2. Schism: Roman and Eastern Christians have schismatic views of the Church. This is centrally evident in their refusal to share the Eucharist with Christians of other communions. Frequently, we in the Reformed and Protestant Tradition have been just as schismatic, and we need to lead in catholicity. The Bible teaches that unity is first of all found in and through the Holy Spirit and is therefore something to be kept and guarded (Eph. 4:3). This is done through putting on the fruits of the Spirit and ministering in and through the Church until we all come to the unity of the faith, to a perfect man, to the measure of the stature of the fullness of Christ (Eph. 4:13). This most certainly means submission to particular elders (Heb. 13:17), but this does not mean that unity is found in a letterhead or central office.
3. Misplaced Authority: The Roman and Orthodox Churches displace the authority of Jesus to varying degrees. They are right to point out that tradition is a lawful authority, but they are woefully insufficient in their response to abuses and failures in the tradition (cf. 2 Kgs. 18:4, Mt. 15:3). We pledge ourselves to the supreme authority of Jesus Christ who has spoken supremely in the Scriptures (2 Tim. 3:16, 2 Pet. 1:21). But this Word is always read, heard, preached, and sung in time. This means that Jesus leads His Church through the Spirit (Jn. 16:13), in the gospel proclaimed (Rom. 10:14), and in the sacraments (Mt. 28:18-20, 1 Cor. 10:16), in short, through the body of Christ (Rom. 12:5, 1 Cor. 12:12ff, Eph. 4:11ff). It is also important to note that we do not dismiss the apostolic tradition, rather, we insist that it is contained infallibly in the NT Scriptures (2 Thess. 2:15, 3:6-14).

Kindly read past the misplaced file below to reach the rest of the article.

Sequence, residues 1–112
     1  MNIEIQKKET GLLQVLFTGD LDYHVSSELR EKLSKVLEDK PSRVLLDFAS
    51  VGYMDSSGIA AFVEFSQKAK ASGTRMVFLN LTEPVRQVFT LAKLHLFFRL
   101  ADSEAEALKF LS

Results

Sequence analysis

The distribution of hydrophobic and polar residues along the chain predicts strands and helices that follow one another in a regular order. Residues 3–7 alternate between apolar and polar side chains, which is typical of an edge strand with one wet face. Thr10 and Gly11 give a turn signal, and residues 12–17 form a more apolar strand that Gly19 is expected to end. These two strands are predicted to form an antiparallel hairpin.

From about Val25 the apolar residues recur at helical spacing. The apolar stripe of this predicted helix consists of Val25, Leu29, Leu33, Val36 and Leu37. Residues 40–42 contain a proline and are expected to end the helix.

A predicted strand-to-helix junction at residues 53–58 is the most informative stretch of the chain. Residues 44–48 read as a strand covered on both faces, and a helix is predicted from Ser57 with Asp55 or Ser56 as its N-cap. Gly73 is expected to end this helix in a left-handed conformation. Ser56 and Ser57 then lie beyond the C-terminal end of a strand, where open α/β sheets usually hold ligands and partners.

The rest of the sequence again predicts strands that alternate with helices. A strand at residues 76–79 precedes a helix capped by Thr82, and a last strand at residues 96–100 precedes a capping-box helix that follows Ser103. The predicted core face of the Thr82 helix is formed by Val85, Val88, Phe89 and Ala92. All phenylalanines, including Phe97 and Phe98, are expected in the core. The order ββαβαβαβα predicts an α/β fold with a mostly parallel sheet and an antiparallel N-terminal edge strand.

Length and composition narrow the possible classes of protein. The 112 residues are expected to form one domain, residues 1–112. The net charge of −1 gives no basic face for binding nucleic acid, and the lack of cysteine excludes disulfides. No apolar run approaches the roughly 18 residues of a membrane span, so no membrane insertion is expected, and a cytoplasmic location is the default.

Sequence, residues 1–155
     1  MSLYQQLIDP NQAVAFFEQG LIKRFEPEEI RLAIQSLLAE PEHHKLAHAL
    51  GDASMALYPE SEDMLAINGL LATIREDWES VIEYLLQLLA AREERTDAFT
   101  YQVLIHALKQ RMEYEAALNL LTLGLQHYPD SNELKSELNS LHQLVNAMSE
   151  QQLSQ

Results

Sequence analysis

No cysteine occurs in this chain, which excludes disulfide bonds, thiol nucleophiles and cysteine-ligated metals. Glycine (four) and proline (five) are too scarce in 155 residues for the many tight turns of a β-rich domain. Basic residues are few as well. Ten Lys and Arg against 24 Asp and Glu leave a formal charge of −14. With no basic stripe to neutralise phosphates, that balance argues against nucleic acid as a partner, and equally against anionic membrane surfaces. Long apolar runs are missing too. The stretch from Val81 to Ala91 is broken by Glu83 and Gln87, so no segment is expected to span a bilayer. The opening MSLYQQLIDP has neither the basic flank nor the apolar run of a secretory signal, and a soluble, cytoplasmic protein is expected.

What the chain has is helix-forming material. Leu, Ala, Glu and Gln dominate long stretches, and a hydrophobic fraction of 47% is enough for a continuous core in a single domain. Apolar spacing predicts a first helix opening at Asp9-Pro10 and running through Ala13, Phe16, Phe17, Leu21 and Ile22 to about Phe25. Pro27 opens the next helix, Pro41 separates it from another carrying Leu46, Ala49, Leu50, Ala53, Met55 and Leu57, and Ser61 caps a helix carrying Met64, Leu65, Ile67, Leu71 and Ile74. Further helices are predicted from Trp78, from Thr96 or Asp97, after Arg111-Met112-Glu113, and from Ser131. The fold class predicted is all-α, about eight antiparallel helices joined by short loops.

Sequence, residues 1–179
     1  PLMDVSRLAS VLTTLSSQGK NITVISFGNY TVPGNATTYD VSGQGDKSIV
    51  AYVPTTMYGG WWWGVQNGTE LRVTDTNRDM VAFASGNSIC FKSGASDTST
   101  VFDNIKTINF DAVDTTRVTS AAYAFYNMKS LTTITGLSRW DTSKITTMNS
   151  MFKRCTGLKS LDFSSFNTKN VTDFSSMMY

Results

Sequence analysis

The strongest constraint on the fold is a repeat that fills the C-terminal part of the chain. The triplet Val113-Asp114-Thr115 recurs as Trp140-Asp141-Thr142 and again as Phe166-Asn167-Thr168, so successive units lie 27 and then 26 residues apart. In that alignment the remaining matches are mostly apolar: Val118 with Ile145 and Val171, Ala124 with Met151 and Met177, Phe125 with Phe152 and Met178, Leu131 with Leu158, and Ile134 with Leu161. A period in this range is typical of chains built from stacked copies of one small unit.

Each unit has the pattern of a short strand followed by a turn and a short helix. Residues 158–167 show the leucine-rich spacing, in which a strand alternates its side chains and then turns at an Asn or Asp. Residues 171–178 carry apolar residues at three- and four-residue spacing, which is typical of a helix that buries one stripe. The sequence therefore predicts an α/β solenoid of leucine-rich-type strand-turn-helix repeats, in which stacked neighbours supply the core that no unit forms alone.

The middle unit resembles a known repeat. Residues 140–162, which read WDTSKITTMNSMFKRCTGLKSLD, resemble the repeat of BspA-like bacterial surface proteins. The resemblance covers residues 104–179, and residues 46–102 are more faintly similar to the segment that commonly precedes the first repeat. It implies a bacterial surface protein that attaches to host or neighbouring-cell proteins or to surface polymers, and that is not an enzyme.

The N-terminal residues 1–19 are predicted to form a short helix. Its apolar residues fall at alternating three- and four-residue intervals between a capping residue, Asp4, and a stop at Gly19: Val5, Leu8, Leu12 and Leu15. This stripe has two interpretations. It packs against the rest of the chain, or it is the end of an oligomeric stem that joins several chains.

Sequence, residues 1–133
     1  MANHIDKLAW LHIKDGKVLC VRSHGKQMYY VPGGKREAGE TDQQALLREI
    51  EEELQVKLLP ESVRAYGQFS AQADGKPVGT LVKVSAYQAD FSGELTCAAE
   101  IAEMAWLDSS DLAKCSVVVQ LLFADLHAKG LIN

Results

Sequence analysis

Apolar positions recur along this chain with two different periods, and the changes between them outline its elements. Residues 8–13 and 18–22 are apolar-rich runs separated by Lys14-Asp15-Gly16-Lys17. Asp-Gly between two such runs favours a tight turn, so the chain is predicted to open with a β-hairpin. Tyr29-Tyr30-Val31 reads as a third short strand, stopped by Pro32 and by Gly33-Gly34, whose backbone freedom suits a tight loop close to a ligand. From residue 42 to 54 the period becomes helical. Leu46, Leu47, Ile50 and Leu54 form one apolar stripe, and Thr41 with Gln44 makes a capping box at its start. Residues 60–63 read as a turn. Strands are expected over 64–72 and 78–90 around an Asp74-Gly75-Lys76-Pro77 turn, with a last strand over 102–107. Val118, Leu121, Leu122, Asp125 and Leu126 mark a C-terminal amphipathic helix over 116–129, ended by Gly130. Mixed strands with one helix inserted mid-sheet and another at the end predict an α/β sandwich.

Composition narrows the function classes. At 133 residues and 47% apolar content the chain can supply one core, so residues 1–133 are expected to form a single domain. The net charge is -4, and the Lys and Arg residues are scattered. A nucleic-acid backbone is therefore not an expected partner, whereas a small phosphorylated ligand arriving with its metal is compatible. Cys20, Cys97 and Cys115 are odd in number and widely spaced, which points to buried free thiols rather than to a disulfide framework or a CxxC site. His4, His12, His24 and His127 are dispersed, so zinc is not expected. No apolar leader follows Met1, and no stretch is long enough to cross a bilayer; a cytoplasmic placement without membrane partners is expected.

4. Misplaced Priorities: This is not so much a criticism of Roman or Eastern brothers, but a criticism of those who “convert.” Protestant converts to Roman Catholicism and Eastern Orthodoxy are largely what Jesus would call Pharisees. They are after an empty glory, they want human traditions that trump (or simplify) the Word of God, and they are guilty of tithing mint and dill and cumin having neglected the weightier matters of the law: justice, mercy, and faith (Mt. 23:23). Church polity and icons need to be discussed, but only after we have cared for the orphans and widows, honored our parents, and loved the needy right in front of us (Mt. 25:31ff, Js. 1:27).
Loving the Reformation
The Reformers were some of the greatest scholars of their day. This does not mean they got everything right, but we should read them with admiration, expecting to learn from them. And in God’s good timing and grace, we should expect to build upon them (e.g. paedocommunion).
An example: Gregory the Great writes: “Therefore I fully affirm that whoever calls himself the universal Priest, or wants to be called that elevates himself to Antichrist, because he vaunts himself over all the others. Not only does this extreme arrogance lead to error, it’s also perverse since this person wants to be seen as God over all people; thus whoever he is, who wants to be called the Priest alone, he exalts himself over all the other priests.” (Cited in Principle of Protestantism, 169)
This is an example of the medieval and patristic pedigree of Protestantism. It wasn’t like Luther and Calvin came along and decided they really didn’t like the Pope, flipped through their Bibles till they came to a bad name to call him, and then slapped “Antichrist” on the Papal See. They were in good catholic company calling the office of the “universal bishop of the Church” Antichrist. It was at least part of the teaching of the fathers.
Working and Praying for Unity
In all of this we should be careful to remember that what we are working for is unity with Rome and Constantinople. This means that they are some of the brothers and sisters we want to love, care for, and bless. And this brings us back to thankfulness and patience.